Dustin Hoffman: “It’s the worst that film has ever been – in the 50 years that I’ve been doing it”

Dustin Hoffman

“I was a freak accident, so I got a lead that happened to be The Graduate and it was like a light switch went on and I was an instant star” – Dustin Hoffman

 

One of the most well respected actors of our generation, two-time Academy Award winner Dustin Hoffman, says the film industry is currently the worst it has ever been, and by contrast, TV is the best it’s ever been, which is why it is currently his medium of choice.

“I think right now television is the best that it’s ever been,” he tells The Independent. “And I think that it’s the worst that film has ever been – in the 50 years that I’ve been doing it, it’s the worst.”

The actor goes on: “It’s hard to believe you can do good work for the little amount of money these days,” he says. “We did The Graduate and that film still sustains, it had a wonderful script that they spent three years on, and an exceptional director with an exceptional cast and crew, but it was a small movie, four walls and actors, that is all, and yet it was 100 days of shooting.”

Hoffman has a point. Right now, the movie industry seems to be flooded with remakes, reboots, re-imaginings, and franchise sequels. It is hard to find a truly original film that captures an audience’s imagination.

Meanwhile, the advancement of streaming channels, such as Netflix, into original programming, has paved the way for a wealth of great episodic dramas and comedies, such as House of Cards and Orange is the New Black, to make their way into mainstream popular culture.

However, with the wealth of channels and programs offered comes the struggle for actors to be recognized. Most actors currently considered to be at the top of the game have tales to tell of their struggle to the top but for Hoffman, the chance to be a star came about almost by accident.

“I was a freak accident, so I got a lead that happened to be The Graduate and it was like a light switch went on and I was an instant star,” he reveals. “For most actors you start by playing euphemistically called supporting roles, it’s not even the supporting role it’s less than that, and if you are lucky you build up to supporting roles and then to starring roles – and then you reach a certain age, and unfortunately women usually reach it earlier, and you are no longer the leading man, therefore you become the supporting actor, which many times is the mentor of the lead. That is full circle.”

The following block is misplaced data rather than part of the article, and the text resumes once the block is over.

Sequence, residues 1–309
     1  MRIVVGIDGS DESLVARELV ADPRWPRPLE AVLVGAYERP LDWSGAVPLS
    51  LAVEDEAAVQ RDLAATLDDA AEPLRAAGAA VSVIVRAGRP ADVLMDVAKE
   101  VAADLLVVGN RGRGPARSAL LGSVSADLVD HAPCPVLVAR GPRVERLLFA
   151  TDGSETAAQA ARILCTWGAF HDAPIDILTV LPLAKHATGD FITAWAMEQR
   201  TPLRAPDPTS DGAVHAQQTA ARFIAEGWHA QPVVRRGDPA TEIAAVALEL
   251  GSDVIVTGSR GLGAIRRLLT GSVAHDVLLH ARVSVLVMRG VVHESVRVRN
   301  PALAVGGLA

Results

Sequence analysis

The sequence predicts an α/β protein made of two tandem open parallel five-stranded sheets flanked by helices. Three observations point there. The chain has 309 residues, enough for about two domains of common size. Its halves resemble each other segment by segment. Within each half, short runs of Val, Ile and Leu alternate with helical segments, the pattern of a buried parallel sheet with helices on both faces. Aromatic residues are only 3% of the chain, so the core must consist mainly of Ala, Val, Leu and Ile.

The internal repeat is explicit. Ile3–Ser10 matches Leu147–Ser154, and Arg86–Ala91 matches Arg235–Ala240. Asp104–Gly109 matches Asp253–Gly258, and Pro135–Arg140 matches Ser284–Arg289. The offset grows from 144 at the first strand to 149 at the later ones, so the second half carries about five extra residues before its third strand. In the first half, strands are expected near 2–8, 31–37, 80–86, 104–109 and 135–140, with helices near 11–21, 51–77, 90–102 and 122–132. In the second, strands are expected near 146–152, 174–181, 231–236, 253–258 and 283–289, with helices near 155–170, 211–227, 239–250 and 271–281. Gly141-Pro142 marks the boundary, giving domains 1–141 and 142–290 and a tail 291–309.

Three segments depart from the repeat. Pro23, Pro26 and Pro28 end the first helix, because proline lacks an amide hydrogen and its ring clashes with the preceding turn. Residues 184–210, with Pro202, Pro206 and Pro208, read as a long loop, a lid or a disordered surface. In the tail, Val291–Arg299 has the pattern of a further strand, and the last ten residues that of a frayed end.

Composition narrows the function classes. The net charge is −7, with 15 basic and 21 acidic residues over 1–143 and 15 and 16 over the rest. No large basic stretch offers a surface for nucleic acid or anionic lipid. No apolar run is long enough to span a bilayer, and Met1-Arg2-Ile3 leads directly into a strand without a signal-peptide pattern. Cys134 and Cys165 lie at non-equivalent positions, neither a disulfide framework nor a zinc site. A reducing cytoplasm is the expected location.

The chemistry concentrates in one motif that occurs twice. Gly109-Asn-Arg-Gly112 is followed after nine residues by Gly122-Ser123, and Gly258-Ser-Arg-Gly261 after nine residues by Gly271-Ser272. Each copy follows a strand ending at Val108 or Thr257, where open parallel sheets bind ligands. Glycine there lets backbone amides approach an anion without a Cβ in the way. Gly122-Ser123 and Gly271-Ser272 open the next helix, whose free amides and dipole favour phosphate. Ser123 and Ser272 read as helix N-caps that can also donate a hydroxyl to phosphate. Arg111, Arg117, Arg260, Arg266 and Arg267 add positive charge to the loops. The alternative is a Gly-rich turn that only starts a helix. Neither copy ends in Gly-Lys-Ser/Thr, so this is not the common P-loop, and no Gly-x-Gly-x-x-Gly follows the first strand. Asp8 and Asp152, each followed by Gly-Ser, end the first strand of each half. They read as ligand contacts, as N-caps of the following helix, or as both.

As for future projects, Hoffman says he is still looking for directing work after his debut which was in 2012 on the film Quartet.

“I’m looking at everything that comes to me, I’m not getting much as far as directing is concerned,” he says. “I don’t think that has anything to do with whether you are good or not, it’s just about whether your films make money or not.”

Hoffman is currently starring in The Choir, alongside Kathy Bates, Debra Winger, Eddie Izzard and Kevin McHale. He plays Carvelle, a tough conductor of a boy’s choir who finds himself serving as mentor to a young boy named Stet. Another music based film, Hoffman himself says he would really rather have become a professional piano player than an actor.

“I love it more than anything. But I can’t play well enough to make a living out of it. If God tapped me on the shoulder right now and said ‘no more acting, no more directing, but you can be a decent jazz pianist’ … I could never read music gracefully. I don’t have a good ear. I still want to do it. I would love to do it.”

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